Exchange-traded funds can be an excellent way to build retirement wealth. With a single investment they offer investors the opportunity to diversify within the fund’s scope, and the ability to buy or sell holdings whenever the market is open. And they typically operate with low costs.
The three ETFs discussed here are particularly well suited to help you build your retirement nest egg. They represent investing strategies with good long-term track records, in addition to offering one-stop-shopping diversification and low cost of ownership.
Buy the world
If you don’t know which stocks to buy but know that investing in stocks is a great way to build wealth, consider buying them all — or at least a huge cross-section of them. The Vanguard Total World Stock ETF (NYSEMKT:VT) holds over 7,700 stocks from nearly 50 different countries around the world. While it doesn’t hold every publicly traded company on Earth, it does attempt to track an index that stretches across markets and company sizes.
With an expense ratio of 0.11%, the Vanguard Total World Stock ETF offers very low-cost access to stocks from around the world. If there’s a downside to this ETF, it’s that it is something of a U.S.-centric way to get exposure to global stocks: Nine of its top ten holdings are U.S. large-cap companies, and over half of its total value is in U.S. companies, because it is weighted by market capitalization.
Of course, a key reason that the Vanguard Total World Stock ETF is so heavily weighted toward American companies is the fact that America has a lot of successful businesses. That’s what makes the Vanguard Total Market ETF (NYSEMKT:VTI) a worthwhile investment in its own right. The Vanguard Total Market ETF invests in large-, mid-, and small-cap stocks of U.S.-based companies in an attempt to track the CRSP U.S. Total Market Index.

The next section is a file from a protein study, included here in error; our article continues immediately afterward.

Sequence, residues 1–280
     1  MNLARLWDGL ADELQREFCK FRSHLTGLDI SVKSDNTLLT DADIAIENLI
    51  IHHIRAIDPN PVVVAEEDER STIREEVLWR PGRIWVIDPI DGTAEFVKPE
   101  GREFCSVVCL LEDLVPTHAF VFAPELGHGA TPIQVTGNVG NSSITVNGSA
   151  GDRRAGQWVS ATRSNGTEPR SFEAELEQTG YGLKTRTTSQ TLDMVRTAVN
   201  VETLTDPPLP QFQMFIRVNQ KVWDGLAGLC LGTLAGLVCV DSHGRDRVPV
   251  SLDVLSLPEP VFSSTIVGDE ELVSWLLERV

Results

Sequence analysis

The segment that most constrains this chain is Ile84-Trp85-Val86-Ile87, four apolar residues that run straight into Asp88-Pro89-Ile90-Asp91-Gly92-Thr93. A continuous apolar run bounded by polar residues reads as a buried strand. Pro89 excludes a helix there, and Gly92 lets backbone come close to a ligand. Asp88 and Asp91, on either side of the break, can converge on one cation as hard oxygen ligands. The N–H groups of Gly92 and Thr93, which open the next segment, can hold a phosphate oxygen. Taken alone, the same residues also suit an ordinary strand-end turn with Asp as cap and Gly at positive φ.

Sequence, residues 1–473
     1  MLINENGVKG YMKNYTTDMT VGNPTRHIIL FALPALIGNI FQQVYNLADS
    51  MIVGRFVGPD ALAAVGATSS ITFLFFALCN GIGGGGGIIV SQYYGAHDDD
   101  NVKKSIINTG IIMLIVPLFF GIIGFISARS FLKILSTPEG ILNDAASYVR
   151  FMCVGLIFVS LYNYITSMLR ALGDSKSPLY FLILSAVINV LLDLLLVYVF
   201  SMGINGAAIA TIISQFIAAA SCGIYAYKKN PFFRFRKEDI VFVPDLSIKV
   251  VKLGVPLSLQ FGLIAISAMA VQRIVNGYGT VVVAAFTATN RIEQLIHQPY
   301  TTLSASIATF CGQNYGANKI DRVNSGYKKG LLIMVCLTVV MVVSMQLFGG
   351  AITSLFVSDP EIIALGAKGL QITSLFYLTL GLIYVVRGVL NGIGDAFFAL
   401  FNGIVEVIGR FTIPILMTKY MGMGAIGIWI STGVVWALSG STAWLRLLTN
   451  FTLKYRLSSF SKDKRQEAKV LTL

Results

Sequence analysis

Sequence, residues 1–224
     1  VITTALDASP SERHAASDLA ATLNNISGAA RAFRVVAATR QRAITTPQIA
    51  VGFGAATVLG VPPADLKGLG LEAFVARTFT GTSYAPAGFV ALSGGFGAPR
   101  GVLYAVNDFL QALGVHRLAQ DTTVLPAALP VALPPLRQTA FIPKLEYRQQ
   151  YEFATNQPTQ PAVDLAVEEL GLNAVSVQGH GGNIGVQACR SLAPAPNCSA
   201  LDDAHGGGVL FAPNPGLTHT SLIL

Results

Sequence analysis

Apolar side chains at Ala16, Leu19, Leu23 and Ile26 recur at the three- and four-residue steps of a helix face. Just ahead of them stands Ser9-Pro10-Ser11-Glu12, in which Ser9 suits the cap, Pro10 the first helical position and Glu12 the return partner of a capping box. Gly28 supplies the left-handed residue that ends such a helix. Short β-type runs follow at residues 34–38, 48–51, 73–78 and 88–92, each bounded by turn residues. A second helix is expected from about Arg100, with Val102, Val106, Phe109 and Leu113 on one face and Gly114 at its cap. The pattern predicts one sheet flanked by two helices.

Thanks to a nearly invisible 0.04% expense ratio, the Vanguard Total Market ETF enables you to get broad diversification within the U.S. market at a very low cost of ownership. If there’s a downside to this ETF, it’s that as a market-cap-weighted fund, it’s heavily tilted toward large U.S.-based companies. Indeed, many of the top holdings in the Vanguard Total Market ETF are the same top holdings as in the Vanguard Total World Stock ETF. That limits the diversification benefit of owning both those ETFs together, though either one would have merit on its own.
As great as those broad index funds are, they’re limited by being weighted by market capitalization and focused on the total market. As a result, their overall results are heavily influenced by the performance of the largest companies. If a few really big businesses stumble, those funds can get hit disproportionately hard, even if the other companies in the index are doing OK.
That makes the Vanguard Small-Cap ETF (NYSEMKT:VB) another ETF worth considering when it comes to building retirement wealth, as well a great supplement to either of the other ETFs mentioned. The Vanguard Small-Cap ETF focuses on smaller publicly traded U.S.-based companies, with the largest company in its portfolio weighing in at a market capitalization of around $11 billion. That’s a tiny fraction of the more than $800 billion market cap of the largest company held by the other two funds.
Small-cap stocks have better opportunities for growth relative to their sizes than their larger compatriots do. That gives the Vanguard Small-Cap ETF opportunity for stronger returns over time than funds focused on larger companies. As with any other investment, however, there are risks involved. For instance, small-cap companies frequently have fewer financial resources than larger ones do, making them more vulnerable in financial downturns.
Still, with an expense ratio of only 0.06%, the Vanguard Small-Cap ETF gives you a low-cost way to diversify in a potentially market-beating strategy. That makes it a great ETF to consider for your toolbox when you’re building your retirement wealth.
Chuck Saletta has no position in any of the stocks mentioned. The Motley Fool has no position in any of the stocks mentioned. The Motley Fool has a disclosure policy.